Being left out sucks. Conversely, it’s pretty sweet when you’re in a little clique. Knowing how to talk the talk is what it’s all about, and there ain’t no talk like climbing talk. Here’s a little run-down so you find yourself on the right side of the equation next time the strong-dudes in the training area are recapping their last trip to the crag.
Maybe the best word in all climbing vocab. In simpler times, ‘beta’ was just information regarding movements on a climb (put your hand here, foot there, etc). Now days, ‘beta’ can refer to inside information on just about any subject.
‘Dude, do you have the beta on the coffee situation in Blackheath?’
Or even (true story):
‘Hey man. Do you have beta on how to get into this conference?’
Used outside of climbing circles but perfected by the dirt bag. On the surface, to be ‘psyched’ just means that you are enthusiastic about something.
“I’m psyched to go climbing today.”
Dig deeper, and ‘psyche’ often refers to the current state of a climber’s underlying, deep seeded motivation. As we all know, climbing is a bit love-hate. Psyche fluctuates. As such, you might hear someone say,
“I’m in a psyche trough right now.”
Simple one. The ‘approach’ is how you get to the climbing area. If you are going to a cliff that requires you to drive 3 hours on a highway, 4wd for 30 minutes, and hike 2 hours uphill through lantana, you would say,
“This approach is totally heinous.”
The more bomber something is, the more solid it is. Typically, it will refer to the integrity of the placement of a piece of traditional protection (a nut, cam, etc). A ‘bomber’ piece is one that won’t fall out. Every now and again you will hear a climber stretch its use (as they are wont to do) and describe a foot placement, or even a hold itself, as ‘bomber’ (unlikely to slip).
Often used on a continuum with ‘sketchy’. Ie,
“That first piece you placed was bomber, but the cam higher up was sketch-town. You would’ve decked for sure.”
Fall off, and hit the ground. A bit ambiguous. By that definition, technically you ‘deck’ whenever you fall off a boulder problem, but you won’t hear it used that way.
Having said that, if you try to boulder something that’s 10m high and fall off near the top, your friends might say at the gym the following week,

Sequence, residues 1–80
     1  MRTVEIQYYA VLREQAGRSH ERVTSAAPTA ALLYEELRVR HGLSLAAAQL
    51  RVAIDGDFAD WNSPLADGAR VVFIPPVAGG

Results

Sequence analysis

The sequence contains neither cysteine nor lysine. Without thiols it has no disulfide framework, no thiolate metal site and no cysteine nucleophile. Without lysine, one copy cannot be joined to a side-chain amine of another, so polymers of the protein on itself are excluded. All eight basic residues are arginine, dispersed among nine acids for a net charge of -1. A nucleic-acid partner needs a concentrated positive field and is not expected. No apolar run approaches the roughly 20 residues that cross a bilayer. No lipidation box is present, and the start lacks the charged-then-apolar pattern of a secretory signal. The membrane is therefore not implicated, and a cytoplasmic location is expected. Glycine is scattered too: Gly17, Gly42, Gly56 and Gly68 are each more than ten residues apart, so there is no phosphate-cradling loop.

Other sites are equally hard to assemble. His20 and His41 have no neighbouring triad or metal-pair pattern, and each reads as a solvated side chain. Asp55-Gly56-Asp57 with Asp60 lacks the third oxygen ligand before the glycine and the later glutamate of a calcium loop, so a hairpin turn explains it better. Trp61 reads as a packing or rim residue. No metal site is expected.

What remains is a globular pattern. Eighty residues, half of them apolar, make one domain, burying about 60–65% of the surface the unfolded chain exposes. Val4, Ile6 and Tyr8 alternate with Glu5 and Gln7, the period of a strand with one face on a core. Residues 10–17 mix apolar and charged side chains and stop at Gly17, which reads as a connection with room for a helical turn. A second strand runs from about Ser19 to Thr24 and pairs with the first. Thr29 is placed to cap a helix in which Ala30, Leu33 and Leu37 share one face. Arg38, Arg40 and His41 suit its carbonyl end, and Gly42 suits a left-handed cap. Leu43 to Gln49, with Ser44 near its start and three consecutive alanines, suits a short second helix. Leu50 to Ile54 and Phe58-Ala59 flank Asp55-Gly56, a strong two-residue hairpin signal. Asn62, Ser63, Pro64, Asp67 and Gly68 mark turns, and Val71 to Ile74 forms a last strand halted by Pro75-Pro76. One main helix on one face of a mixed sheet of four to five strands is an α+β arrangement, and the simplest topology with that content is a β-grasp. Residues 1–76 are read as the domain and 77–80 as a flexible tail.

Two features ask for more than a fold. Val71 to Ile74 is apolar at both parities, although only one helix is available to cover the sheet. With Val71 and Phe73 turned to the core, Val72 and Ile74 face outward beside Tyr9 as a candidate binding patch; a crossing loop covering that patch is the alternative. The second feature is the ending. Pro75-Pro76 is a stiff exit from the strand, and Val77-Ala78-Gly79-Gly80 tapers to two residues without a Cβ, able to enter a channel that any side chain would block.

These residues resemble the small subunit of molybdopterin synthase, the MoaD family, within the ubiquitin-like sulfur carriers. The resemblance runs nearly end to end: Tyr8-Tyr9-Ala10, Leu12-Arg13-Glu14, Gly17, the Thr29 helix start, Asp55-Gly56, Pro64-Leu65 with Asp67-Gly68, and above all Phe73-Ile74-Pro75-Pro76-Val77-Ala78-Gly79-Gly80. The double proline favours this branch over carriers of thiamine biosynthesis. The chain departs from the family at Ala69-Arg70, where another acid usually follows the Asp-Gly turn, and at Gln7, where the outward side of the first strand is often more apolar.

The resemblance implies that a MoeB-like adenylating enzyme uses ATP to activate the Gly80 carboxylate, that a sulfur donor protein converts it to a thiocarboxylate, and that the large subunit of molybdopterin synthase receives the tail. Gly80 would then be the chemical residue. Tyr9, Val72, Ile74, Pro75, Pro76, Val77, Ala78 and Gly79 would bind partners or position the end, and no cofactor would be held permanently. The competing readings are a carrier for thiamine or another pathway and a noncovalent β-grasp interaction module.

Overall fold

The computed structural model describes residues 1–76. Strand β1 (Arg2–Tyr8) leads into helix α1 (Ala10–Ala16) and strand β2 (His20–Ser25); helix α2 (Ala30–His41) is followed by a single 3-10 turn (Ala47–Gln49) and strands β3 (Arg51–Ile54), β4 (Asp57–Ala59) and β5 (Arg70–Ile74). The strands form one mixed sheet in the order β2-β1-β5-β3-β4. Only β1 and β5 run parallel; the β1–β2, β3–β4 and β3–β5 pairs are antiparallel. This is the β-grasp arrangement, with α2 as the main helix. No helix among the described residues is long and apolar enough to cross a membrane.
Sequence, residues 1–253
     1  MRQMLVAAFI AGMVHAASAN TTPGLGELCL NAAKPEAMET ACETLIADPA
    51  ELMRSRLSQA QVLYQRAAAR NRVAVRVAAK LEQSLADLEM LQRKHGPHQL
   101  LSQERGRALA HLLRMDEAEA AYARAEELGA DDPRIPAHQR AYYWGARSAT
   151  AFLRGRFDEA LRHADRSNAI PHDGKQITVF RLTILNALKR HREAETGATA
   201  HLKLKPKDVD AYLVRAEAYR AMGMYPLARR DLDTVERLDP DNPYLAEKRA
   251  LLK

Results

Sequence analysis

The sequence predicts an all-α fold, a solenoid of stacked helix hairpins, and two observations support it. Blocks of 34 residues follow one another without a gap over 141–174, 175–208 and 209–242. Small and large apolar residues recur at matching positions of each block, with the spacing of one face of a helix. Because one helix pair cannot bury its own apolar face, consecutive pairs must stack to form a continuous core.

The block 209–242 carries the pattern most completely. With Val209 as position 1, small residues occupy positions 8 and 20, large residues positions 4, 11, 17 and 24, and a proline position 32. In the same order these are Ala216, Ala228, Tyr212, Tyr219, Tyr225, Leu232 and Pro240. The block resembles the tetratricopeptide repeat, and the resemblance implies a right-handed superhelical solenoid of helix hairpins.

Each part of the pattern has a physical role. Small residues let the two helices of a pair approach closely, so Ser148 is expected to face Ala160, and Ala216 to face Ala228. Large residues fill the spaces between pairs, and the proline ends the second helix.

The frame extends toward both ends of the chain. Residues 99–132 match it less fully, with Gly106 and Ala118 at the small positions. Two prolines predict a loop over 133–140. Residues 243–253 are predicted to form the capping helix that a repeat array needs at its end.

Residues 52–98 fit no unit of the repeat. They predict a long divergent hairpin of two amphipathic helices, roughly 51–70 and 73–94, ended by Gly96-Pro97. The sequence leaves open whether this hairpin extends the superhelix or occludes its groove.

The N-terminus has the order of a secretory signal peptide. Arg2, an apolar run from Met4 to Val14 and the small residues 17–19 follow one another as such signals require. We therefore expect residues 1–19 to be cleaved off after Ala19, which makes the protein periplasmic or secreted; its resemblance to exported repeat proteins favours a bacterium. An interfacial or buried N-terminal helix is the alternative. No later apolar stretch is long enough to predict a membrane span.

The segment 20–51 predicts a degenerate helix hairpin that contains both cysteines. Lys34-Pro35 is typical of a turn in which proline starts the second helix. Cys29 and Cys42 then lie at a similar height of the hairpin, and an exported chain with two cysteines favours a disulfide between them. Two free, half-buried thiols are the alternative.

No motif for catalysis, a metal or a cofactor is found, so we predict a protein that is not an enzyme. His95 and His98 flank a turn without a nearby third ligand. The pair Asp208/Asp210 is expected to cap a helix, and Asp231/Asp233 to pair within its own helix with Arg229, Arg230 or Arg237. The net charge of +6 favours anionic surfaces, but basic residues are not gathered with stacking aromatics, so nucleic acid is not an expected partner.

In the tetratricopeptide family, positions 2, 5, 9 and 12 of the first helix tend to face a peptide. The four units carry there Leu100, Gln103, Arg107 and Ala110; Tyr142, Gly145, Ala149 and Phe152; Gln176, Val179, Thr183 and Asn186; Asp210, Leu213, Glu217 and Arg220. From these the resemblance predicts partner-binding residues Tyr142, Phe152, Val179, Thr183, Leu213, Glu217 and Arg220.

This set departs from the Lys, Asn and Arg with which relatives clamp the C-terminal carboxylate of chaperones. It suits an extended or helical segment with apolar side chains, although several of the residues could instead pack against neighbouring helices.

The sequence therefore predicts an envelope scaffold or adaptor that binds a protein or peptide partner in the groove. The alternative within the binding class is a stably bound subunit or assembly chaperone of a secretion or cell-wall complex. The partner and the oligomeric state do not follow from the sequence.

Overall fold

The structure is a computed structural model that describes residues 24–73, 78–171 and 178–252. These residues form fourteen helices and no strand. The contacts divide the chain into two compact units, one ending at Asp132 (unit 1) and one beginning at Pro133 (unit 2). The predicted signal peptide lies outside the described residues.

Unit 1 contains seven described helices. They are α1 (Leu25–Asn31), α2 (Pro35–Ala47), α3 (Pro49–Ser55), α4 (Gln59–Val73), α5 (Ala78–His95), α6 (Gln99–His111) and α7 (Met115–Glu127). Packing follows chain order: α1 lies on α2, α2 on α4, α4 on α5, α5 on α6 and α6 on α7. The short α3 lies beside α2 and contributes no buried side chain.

“Steve was being well sketchy, and he decked after he blew the mantle.”
Be your own person, and dictate the limits of the word for yourself.
This is one for the outdoor climbers. Choss is unstable or loss rock. Interestingly, I’ve actually heard – in some indoor climbing scenes around the world – it can be used to describe a shitty climb.
“That red route in the corner is choss.”
Who woulda thunk it.
The hardest section of a climb. You can also use it to describe a climb in general.
“That route is uber cruxy.”
This would imply that the route had a sequence of movement that was substantially harder than the rest of the climb. If you want to say the exact same thing, but use different adjectives just for the sake of it, you could say,
“That route is super bouldery.”
A large section of skin that has separated from your hand but remains barely attached – allowing it to ‘flap’ around. Grossly, I guess you could also have a ‘foot flapper’?
Typically happens when you’re climbing on jugs too much and a callous comes off in one swift, disgusting moment.
Barricade used to surround military encampments to increase defensive…
In climbing it means a route or problem that is much harder than it is graded. Australians are particularly fond of ‘sand bagging’ each other. Giving a hard climb a laughably easy grade. Sometimes an innocent mistake, often an instance of ego wars.
You could also describe a indoor climb in the same way.
“The route setters really sandbagged us with that red slab.”
What’s the upshot? Give beta generously, but not when it’s not wanted. Avoid choss and death-blocks, even if it means a longer approach – decking sucks. Place bomber pro before the crux, and hope to god you haven’t been sand-bagged.